November 22, 2010

Squanto the con man?

Pilgrim guide Squanto has mixed reputation

By Eric WilliamsTo William Bradford, Squanto was "a special instrument sent of God for their good beyond their expectation," who helped settlers plant corn, find fish and gain a foothold in New England.

He also was a survivor of major trauma and, in essence, a man without a country—kidnapped and shipped out to Spain, bouncing to England, finally returning home to the Plymouth area only to find most of his village wiped out by disease, all before the Pilgrims arrived on the scene.

But "one man's hero is another man's villain," said Charlebois, of Plimoth Plantation. "He was not looked upon highly by the Wampanoag people."

Charlebois, a member of the Abenaki tribe of Quebec, says the problem wasn't that Squanto was interacting with the English. It was that he was "a super con man" who ignored and stepped over the Native American hierarchy for his own advancement.

Even Bradford described Squanto as a hustler, writing that he "sought his own ends and played his own game, by frightening the Indians and getting gifts from them for himself, making them believe he could stir up war against them."

Charlebois said Squanto used the threat of disease as a weapon against Native Americans. "You better play ball with me or I'll unleash the plague," summed up Charlebois.

Such behavior didn't sit well with the Wampanoag sachem Massasoit, who wanted Squanto beheaded. "This caused Squanto to stick close to the English, and he never dared leave them till he died," wrote Bradford.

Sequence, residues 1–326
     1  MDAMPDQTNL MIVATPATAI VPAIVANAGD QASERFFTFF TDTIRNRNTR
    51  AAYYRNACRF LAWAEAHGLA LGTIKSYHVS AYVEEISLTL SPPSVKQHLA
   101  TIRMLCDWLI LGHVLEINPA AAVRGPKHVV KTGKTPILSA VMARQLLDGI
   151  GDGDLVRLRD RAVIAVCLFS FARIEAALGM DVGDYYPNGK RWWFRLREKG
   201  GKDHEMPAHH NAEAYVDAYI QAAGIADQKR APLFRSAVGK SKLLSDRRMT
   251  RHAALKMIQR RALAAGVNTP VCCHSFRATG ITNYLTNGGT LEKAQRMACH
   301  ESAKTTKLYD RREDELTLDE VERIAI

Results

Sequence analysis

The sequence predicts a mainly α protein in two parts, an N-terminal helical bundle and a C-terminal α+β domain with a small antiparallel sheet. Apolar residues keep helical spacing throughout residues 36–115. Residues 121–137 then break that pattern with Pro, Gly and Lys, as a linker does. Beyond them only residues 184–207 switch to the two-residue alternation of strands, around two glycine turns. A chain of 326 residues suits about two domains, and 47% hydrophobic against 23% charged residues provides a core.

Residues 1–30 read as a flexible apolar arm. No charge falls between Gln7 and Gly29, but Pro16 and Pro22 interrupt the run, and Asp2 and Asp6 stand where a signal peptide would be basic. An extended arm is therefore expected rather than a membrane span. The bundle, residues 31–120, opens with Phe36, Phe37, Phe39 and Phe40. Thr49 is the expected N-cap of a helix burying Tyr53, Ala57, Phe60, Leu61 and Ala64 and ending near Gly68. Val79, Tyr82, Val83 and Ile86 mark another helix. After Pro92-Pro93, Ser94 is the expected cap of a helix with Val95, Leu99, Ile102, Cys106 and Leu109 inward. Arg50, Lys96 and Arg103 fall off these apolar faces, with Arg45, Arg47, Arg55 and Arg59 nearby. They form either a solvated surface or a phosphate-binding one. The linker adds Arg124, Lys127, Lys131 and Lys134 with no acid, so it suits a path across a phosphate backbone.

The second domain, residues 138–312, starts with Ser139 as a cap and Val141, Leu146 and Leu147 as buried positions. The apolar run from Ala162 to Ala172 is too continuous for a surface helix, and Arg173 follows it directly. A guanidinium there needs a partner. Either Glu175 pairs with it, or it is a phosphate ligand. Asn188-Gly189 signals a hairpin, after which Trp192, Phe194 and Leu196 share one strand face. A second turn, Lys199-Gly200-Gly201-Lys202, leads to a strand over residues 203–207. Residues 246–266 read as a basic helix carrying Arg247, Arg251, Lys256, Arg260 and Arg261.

Comment:  What Squanto did or didn't do doesn't necessarily matter. The interesting point here is how we've taken a complex situation and turned it into a Hallmark greeting card. According to the prevailing myth, Squanto helped the Pilgrims survive and arranged the big feast. In reality, he may have sided with the Pilgrims against his own people.

So our Thanksgiving myth is largely a fairy tale concocted to make white Americans feel good about conquering and killing another race. Indians and Europeans living together in harmony...yay! No mention of the tribes' doubts about the invaders...their jockeying for position...and sellouts like Squanto making deals behind their backs.

For more on the subject, see Losing Ground in After the Mayflower and Thanksgiving in After the Mayflower.

The disease factor

Also interesting is the mention of using disease against the Indians. This bolsters what I said in European Invasion = Biological Warfare and Disease = Invisible Bullets? Although they didn't understand the mechanism, both sides knew the Europeans were using disease as a weapon. They were engaging in biological warfare.

Once again, the claim that disease just happened to kill the Indians is false. Disease killed the Indians because the Europeans saw Indians dying and thought, "This is good news. For some reason these Indians aren't immune to our illnesses. They're dropping like flies. If we keep advancing into hostile territory, they'll keep dying. So let's do it."

This is a genocidal intent and a genocidal act. The Europeans didn't avoid transmitting their diseases when they could've--if nothing else, by going home. Instead, they transmitted their diseases intentionally. They wanted weak and dying Indians because that served their purpose. It made colonization and conquest possible.

For more on our Thanksgiving myth-making, see Thanksgiving Set the Tone and Hitler = Greatest Threat Since Indians?

Below:  "The wooden head likeness of Squanto, who served as guide and interpreter to the Pilgrims, is the only surviving piece of the wooden pediment installed on the Pilgrim Hall Museum building in 1880." (Cape Cod Times/Christine Hochkeppel)

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